# Electrodynamics: Solve the differential equation

1. Nov 20, 2008

### Niles

1. The problem statement, all variables and given/known data
Hi all.

Please take a look at the attached circuit, where the current is direct (i.e. DC).

I have found the following differential equation using Kirchoff's laws:

$$V=\frac{R_1+R_2}{R_2C}Q+R_1\frac{dQ}{dt}.$$

I wish to solve this equation, and thus to find Q(t).

3. The attempt at a solution

First I differentiate with respect to t to obtain:

$$0=\frac{R_1+R_2}{R_2C}\frac{dQ}{dt}+R_1\frac{d^2Q}{dt^2}.$$

Solving this gives me the following:

$$Q(t)=A+B\exp\left( {\frac{R_2+R_1}{R_2R_1C}t} \right),$$

where I have used the fact that Q(t=0)=0 to find that B=-A. But how do I find A?

Sincerely,
Niles.

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Last edited: Nov 21, 2008
2. Nov 20, 2008

### Feldoh

Obtain an expression for the current, then find the charge.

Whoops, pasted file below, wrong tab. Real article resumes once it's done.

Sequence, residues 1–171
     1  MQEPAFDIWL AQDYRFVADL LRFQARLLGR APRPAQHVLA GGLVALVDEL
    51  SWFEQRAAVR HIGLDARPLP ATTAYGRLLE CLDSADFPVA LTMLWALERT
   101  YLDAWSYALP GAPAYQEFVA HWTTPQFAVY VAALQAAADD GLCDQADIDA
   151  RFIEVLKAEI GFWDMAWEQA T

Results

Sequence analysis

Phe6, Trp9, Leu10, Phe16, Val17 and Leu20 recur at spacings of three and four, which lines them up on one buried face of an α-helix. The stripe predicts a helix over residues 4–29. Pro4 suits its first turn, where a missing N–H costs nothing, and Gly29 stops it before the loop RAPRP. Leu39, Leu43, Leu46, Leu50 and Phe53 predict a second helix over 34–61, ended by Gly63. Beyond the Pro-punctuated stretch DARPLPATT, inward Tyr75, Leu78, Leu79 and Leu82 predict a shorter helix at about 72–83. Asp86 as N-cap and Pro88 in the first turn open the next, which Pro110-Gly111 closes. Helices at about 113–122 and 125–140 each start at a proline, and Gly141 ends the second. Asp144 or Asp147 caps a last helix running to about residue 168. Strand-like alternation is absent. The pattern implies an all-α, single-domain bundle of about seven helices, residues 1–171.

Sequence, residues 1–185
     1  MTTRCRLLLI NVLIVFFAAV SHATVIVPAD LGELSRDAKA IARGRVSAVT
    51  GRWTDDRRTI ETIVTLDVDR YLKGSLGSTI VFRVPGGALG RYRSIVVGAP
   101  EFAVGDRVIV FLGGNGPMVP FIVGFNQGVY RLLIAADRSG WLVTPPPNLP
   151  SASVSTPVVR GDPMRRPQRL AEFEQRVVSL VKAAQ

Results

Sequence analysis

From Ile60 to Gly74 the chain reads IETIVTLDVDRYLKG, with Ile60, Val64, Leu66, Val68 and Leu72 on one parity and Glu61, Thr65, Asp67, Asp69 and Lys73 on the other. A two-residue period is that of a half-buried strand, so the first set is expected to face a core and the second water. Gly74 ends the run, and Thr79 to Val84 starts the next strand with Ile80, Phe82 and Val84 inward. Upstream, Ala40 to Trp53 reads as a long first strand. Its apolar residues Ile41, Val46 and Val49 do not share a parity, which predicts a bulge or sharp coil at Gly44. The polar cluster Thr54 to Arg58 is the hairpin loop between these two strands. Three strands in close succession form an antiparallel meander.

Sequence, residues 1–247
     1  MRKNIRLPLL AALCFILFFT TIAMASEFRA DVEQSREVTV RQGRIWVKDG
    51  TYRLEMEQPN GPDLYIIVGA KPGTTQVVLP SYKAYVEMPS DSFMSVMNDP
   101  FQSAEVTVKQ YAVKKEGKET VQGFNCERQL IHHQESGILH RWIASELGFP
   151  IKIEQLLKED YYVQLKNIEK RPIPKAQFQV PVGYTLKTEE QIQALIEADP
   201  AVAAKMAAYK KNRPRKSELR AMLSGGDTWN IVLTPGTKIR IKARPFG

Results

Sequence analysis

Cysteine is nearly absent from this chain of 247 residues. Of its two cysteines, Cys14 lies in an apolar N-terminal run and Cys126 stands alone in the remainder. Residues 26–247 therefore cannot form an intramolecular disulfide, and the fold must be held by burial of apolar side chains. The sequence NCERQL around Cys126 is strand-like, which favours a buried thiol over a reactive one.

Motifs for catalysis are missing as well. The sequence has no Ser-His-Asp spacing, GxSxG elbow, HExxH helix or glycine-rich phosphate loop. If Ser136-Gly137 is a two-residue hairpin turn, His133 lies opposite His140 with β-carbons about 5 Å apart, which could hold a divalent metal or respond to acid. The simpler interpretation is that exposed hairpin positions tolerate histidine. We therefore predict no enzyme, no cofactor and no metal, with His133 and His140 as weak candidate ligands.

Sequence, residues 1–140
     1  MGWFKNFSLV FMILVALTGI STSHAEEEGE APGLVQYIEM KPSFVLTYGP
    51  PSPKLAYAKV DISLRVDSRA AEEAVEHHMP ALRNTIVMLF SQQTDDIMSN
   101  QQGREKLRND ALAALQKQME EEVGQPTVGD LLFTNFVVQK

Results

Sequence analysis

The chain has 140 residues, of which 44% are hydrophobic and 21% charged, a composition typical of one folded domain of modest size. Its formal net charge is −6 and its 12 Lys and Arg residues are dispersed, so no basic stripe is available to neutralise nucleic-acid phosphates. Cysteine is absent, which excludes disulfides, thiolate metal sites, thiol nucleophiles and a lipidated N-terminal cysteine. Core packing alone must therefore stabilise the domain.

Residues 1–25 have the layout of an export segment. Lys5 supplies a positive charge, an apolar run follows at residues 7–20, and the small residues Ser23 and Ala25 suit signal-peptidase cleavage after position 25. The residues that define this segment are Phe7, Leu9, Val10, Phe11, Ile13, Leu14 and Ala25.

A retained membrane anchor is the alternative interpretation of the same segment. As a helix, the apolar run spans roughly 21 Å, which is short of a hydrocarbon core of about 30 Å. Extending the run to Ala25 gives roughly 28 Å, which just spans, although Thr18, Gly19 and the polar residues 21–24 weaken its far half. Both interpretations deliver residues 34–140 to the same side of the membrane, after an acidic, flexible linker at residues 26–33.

Just use the fact the i = dq/dt and di/dt = d^2q/dt^2 and use separation of variables.

3. Nov 20, 2008

### naresh

You need two initial conditions to find the two constants. One is Q(0), the other one? What is the initial current?

4. Nov 21, 2008

### Niles

I am not told what I(0) is, but I guess it is zero. But how will this help me?

And if I solve for I instead of Q, then how can I find the particular solution?

5. Nov 21, 2008

### Niles

Ok, I solved it. I just have to find the final charge on the capacitor, and that is the particular solution.